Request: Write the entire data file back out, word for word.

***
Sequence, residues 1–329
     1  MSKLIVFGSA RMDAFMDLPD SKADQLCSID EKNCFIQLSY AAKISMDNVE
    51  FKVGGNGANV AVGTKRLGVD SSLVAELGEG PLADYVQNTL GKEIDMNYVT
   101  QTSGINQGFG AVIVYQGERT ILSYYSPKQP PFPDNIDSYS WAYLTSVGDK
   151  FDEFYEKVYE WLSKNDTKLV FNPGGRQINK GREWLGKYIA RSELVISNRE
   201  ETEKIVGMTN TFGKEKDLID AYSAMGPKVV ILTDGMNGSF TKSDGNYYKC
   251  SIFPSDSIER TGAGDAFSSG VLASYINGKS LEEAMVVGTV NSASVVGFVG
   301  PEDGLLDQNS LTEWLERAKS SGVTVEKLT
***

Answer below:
Sequence, residues 1–329
     1  MSKLIVFGSA RMDAFMDLPD SKADQLCSID EKNCFIQLSY AAKISMDNVE
    51  FKVGGNGANV AVGTKRLGVD SSLVAELGEG PLADYVQNTL GKEIDMNYVT
   101  QTSGINQGFG AVIVYQGERT ILSYYSPKQP PFPDNIDSYS WAYLTSVGDK
   151  FDEFYEKVYE WLSKNDTKLV FNPGGRQINK GREWLGKYIA RSELVISNRE
   201  ETEKIVGMTN TFGKEKDLID AYSAMGPKVV ILTDGMNGSF TKSDGNYYKC
   251  SIFPSDSIER TGAGDAFSSG VLASYINGKS LEEAMVVGTV NSASVVGFVG
   301  PEDGLLDQNS LTEWLERAKS SGVTVEKLT